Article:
Sphero NewsAmanda Vaden
Celebrate Black History Month by learning about 15 notable BlacksScientists, engineers and STEM visionaries.

February is Black History Month, an important time to recognize the challenges and injustices Black people have faced throughout history and into today, and a welcome time to expand Black history into your curriculum. It’s also a time to celebrate and honor the many notable Changemakers of color, especially those of which we can thank for pioneering the way through influential discoveries in science, technology, engineering and math (STEM).

From as early as the 1700s, Black scientists, engineers, inventors, and other professionals have made incredible contributions to STEM-related fields that still affect our lives today.

Below, we’ll take a look at 17 standout visionaries (in no particular order) who defied stereotypes, battled adversity, and blazed new trails.

17 Black Scientists, Engineers & STEM Visionaries 

  1. Benjamin Banneker — Largely self-educated Mathematician and Astronomer. (1731–1806)
  2. George Washington Carver — Agricultural Scientist and inventor; not the inventor of peanut butter as often cited, but an inventor of many products using peanuts. (1864–1943)
  3. Eupehmia Lofton Hayes — Mathematician and Educator; the first African-American woman to gain a PhD in mathematics. (1890–1980)
  4. George Carruthers — Award-winning African-American inventor, physicist, engineer and space scientist; invented the ultraviolet camera/spectrograph for NASA for the Apollo 16 launch. (1939-2020)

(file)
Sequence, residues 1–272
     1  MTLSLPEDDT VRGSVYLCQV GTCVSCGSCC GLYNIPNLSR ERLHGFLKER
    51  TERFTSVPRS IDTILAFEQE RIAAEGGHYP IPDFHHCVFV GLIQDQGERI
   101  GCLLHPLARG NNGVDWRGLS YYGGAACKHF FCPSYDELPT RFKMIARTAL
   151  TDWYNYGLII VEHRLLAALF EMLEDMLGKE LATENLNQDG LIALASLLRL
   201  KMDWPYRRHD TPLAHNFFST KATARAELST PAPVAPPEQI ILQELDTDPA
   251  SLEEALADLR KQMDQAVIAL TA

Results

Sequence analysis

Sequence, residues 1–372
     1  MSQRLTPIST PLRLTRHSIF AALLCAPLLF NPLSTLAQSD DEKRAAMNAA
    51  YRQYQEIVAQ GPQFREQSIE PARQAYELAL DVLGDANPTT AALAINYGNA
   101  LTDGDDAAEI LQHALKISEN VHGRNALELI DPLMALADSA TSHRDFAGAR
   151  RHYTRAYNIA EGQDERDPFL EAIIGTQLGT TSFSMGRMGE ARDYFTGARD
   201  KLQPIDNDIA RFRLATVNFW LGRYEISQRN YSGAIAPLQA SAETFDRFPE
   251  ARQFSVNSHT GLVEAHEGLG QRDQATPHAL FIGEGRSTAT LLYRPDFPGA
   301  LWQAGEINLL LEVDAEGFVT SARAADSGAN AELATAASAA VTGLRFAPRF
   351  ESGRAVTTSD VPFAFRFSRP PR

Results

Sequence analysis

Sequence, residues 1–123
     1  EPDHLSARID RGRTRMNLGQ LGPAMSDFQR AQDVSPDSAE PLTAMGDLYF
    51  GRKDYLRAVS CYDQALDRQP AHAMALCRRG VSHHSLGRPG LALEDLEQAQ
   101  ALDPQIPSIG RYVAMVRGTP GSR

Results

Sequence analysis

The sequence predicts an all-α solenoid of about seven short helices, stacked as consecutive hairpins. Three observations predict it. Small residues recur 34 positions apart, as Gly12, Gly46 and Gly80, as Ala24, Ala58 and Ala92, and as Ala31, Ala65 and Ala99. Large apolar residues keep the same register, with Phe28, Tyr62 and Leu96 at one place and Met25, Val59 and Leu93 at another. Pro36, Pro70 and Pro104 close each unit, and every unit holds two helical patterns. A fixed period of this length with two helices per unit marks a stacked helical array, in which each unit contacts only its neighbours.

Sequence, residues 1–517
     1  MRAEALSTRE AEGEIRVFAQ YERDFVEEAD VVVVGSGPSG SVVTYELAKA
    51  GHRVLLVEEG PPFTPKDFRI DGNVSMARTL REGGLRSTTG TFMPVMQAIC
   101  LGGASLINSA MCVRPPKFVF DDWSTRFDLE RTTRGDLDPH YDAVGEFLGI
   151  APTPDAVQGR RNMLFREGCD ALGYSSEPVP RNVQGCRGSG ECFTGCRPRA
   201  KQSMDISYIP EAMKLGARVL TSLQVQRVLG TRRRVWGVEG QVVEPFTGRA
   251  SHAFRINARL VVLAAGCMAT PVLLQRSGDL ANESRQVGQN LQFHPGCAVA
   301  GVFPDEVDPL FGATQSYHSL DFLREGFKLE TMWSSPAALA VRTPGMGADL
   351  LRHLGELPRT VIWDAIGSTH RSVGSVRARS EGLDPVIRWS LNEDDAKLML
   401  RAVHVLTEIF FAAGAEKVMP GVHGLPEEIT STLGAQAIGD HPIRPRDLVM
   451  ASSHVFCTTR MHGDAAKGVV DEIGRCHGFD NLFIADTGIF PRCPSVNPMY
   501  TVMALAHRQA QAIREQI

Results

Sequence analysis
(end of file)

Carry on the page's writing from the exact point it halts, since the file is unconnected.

5. Valerie Thomas — Scientist and inventor; invented the Illusion Transmitter, for which she received a patent in 1980. (1943-present)
  6. Dr. Mae Carol Jemison — Engineer, physician, and former NASA astronaut; First African-American woman in space. (1956-present)
  7. Neil deGrasse Tyson — Astrophysicist, author, and science communicator; host of Cosmos: A Spacetime Odyssey. (1958-present)
  8. Katherine Johnson — Mathematician and former NASA employee whose orbital mechanics calculations were critical to the success of first U.S. space missions. (1918-2020)
  9. Mark Dean — Inventor and computer engineer; helped develop the ISA bus; helped create a one-gigahertz computer processor chip; co-creator of the IBM personal computer released in 1981. (1957-present)
  10. Annie Easley — Computer scientist, mathematician, and rocket scientist. (1933–2011)
  11. Daniel Hale Williams — General surgeon; performed the first documented, successful pericardium surgery in 1893.  (1856–1931)
  12. Patricia Bath — Ophthalmologist, inventor, humanitarian, and academic; early pioneer of laser cataract surgery. (1942–2019)
  13. Lonnie G. Johnson — Inventor and aerospace engineer; twelve-year NASA employee; inventor of the popular Super Soaker. (1949 — present)
  14. Jane C. Wright — Pioneering cancer researcher and surgeon with groundbreaking contributions in chemotherapy; developed technique of using human skin samples rather than lab rats for testing effects of cancer drugs. (1919–2013)
  15. Walter Lincoln Hawkins — Chemist and engineer; a pioneer of polymer chemistry. (1911 -1992)
  16. Lewis Howard Latimer  An African-American inventor and electrical pioneer who played a critical role in the development of the telephone, and invented the carbon filament to drastically improve the incandescent light bulb. (1848-1928)
  17. Garrett Morgan – An inventor who called himself “the Black Edison.” Morgan, and his patented gas mask design, assisted rescue parties entering a collapsed tunnel searching for survivors in Cleveland after an explosion in 1916. Morgan also patented the three-position traffic signal in 1923. (1877-1963)

The Black community and all of society today would not be what it is today without these leaders’ monumental STEM contributions, and they’ve helped pave the way for the future innovators and creators we strive to inspire every day.

Is there anyone else you can think of who we may have missed? Let us know on Twitter at Sphero.

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